Most Active Stories
- FBI Investigating Sale Of Mayor Coleman's Former Home
- Ohio Plays Role In History Following SCOTUS Decision On Same-Sex Marriage
- Ballot Board Approves Cannabis Control Amendment For 2016 Ballot
- Supreme Court Declares Same-Sex Marriage Legal In All 50 States
- Conservative Business Group Wants To Sue Over Video Slots, But Must Win Another Case First
Wed January 11, 2006
Honest and Exciting
By John DeSando, WCBE's "It's Movie Time"
"There be some sports are painful, and their labor
Delight in them sets off. Some kinds of baseness
Are nobly undergone, and most poor matters
Point to rich ends." Shakespeare, The Tempest
Glory Road, the new film about Texas Western's astounding NCAA basketball championship in 1966 with the first all black starting lineup, goes beyond the usual "Coach Carter" nail biter about ghetto kids overcoming odds. It underscores the ignorance of the culture, embodied in the benign prejudice of U of Kentucky's legendary Adolph Rupp (Jon Voight), who publicly states in the film that five black starters could not beat five whites.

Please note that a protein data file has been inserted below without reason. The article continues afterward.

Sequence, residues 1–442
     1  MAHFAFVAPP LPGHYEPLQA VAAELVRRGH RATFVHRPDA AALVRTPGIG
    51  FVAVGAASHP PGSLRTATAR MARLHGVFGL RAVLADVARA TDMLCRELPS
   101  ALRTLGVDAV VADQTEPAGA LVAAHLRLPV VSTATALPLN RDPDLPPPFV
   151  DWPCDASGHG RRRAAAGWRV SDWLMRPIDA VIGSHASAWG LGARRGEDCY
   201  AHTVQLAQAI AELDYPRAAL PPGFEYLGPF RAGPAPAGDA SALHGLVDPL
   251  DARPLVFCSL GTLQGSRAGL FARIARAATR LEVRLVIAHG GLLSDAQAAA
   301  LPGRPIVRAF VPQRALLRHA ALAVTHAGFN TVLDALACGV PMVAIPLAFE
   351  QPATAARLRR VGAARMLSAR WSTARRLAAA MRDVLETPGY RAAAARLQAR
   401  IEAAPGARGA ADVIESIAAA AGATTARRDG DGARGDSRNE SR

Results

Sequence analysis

Well, they did and Josh Lucas as Coach Don Haskins, who had previously coached only girls' high school ball, showed that determination, beyond experience, just like the players themselves, was the key ingredient in a great team. As Lucas portrays him, he is a good man with a vision, who has to overcome the ill will of his own campus toward fielding a predominantly black team as well as the poverty of a program without even recruiting money.
Glory Road has no memorable lines; in fact, nothing the coach says here could have been reason for the success of the team, perhaps a deficiency in a work of art that tries to relay the truth of the excellence leading a little team to national championship. What the film does do better than most is show the cultural context as it affects the team and its individual members. Neither strident nor superficial, the film seems an honest and exciting "inspired-by-real-events" effort to depict an era filled with heroes.
The film joins other sports films depicting an unremarkable team's rise to greatness such as Remember the Titans, Miracle, Friday Night Lights, and, of course, Hoosiers. It stands proudly as the one most honest about the importance of blacks to modern sports.
John DeSando teaches film at Franklin University and co-hosts WCBE 90.5's "It's Movie Time," which can be heard streaming at www.wcbe.org Fridays at 3:01 pm and 8:01 pm and on demand anytime. Contact him at JDeSando@Columbus.RR.com